This gave birth to our tailoring wing which is known as 'Kruti in-house'.
- More than 40 women were gainfully employed during the 2019-20 pandemic.
- More than 100 well trained women working independently in the last two years in rural as well as urban areas.
- Delivery of around 100 surgical gowns and more than 60,000 masks to hospitals and various organisations.
I also used to go to Bhadas village to teach. A few boys aged 17-20 tried to catch my attention and talk to me. One day I went to them and asked what the problem was, they said, “Your people are not doing anything for school dropout youths. We also want to live our life with dignity in the village.”
We did some research and realised that since land holding is marginal, farming is not viable so one has to go outside the villages to earn livelihood, which is difficult if one is a school-dropout. During this time, there was also an over production of tomatoes so farmers could not get even 50 paise per kg. All the farmers had gone to the Pune market to sell their yields, and when they could not even cover the transportation costs, all of them threw tomatoes on roads! Since then, farmers have been very reluctant to yield tomatoes.
After a couple of meetings with the youth, farmers and women, we understood we must do something which connects farmers, skill development of women and youth and finding a market in urban area. Hence, we started a small food processing unit with Rs. 25,000 in the backyard of one of our students’ house. We bought a second-hand pulper, a stove and few utensils. Since it was connecting farmers, youth and urban consumers we named it 'Samanway in-house'.
Samanway - Food Processing Unit
Samanway is a food processing unit that is an opportunity to link local farmers to better marketing opportunities through value addition. Processing of locally harvested and collected fruits and vegetables like tomato, mangoes and wild berries is undertaken. A trained team has been instrumental in gradually increasing the production of a range pickles, pulps and dehydrated products. Today, Samanway holds a place of pride in the local community as a small scale production workshop for them.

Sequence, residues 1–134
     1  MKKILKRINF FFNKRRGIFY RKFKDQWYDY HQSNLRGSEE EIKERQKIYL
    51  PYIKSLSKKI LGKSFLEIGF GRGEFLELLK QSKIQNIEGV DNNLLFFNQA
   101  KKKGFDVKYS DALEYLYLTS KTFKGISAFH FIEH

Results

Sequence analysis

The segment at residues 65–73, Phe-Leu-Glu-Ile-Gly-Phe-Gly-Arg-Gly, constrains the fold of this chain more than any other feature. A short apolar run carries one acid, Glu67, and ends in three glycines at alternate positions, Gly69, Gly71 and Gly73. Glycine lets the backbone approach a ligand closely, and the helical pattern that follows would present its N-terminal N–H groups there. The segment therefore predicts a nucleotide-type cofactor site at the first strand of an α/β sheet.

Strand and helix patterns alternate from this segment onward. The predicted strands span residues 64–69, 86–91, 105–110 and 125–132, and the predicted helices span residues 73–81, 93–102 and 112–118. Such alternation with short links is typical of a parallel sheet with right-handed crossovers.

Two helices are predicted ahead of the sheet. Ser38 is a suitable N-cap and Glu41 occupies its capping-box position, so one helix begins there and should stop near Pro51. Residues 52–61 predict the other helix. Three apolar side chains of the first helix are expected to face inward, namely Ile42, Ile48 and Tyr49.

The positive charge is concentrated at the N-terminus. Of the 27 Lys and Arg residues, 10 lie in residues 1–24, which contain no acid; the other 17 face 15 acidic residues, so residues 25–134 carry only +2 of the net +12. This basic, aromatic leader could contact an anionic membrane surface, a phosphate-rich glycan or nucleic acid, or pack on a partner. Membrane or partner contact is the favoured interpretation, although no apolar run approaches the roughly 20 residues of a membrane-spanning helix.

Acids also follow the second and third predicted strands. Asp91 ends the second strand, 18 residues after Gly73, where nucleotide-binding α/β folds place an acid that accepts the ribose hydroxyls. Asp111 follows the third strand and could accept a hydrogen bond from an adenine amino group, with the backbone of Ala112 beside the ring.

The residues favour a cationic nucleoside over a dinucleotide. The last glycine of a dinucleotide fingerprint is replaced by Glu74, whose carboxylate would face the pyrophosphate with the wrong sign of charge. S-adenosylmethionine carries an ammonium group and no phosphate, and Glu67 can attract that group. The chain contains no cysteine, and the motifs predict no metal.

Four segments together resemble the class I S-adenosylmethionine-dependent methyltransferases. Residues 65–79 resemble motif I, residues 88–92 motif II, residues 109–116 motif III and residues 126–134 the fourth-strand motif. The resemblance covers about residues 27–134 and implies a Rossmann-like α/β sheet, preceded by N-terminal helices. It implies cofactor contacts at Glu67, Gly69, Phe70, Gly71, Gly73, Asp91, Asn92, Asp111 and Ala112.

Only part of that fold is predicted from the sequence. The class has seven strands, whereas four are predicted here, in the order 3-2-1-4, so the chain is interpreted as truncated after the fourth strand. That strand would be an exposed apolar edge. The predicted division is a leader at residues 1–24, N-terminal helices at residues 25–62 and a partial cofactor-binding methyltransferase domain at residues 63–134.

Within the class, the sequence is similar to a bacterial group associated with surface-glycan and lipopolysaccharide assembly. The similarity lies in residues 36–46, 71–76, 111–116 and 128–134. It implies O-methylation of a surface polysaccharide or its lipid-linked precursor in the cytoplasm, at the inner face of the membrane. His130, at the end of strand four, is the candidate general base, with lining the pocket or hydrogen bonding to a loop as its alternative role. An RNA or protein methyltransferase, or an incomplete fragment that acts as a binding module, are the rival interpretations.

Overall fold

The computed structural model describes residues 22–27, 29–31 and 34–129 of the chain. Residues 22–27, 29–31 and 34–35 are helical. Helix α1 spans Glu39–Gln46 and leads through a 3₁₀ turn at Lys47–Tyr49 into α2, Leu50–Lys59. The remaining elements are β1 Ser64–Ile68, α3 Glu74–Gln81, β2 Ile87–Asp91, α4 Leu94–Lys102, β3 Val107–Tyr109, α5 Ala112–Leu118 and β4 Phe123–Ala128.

- More than 450 farmers are associated.
- Production capacity of processing 300 kg tomato per day
- Anubhuti-Samanway products have established a name in the market due to good quality and home made taste.
- Research and trial of new products is a continuous process and new products like dehydrated tomatoes, onion, banana have been added to the product range.
And so the journey started, with these two initiatives - Kruti and Samanway. By 2014 we realised that we have to set up these two units as an enterprises so we registered as a non-profit company under Section 25 A.
Giving birth to " Anubhuti Social Empowerment and Educational Foundation "
Q3. What are some of the biggest challenges you faced?
I have realised that we are basically development oriented human beings. Hence, marketing is really a big challenge for us. We have not yet reached breakeven and so we are struggling. We would like to have funding as a cushion for our organization but would not like to depend on funding. Hence, we want to sell our products because we are proud of their quality.
Q4. If you have to give one piece of advice to someone who’s looking to reinvent themselves, what would it be?
Believe in what you do and never give up!
You can also find products on Mitti Ke Rang is a Social Venture working towards generating livelihood for women through its E-commerce portal all over the world. This helps these Women Entrepreneurs to sell their products and generate employment.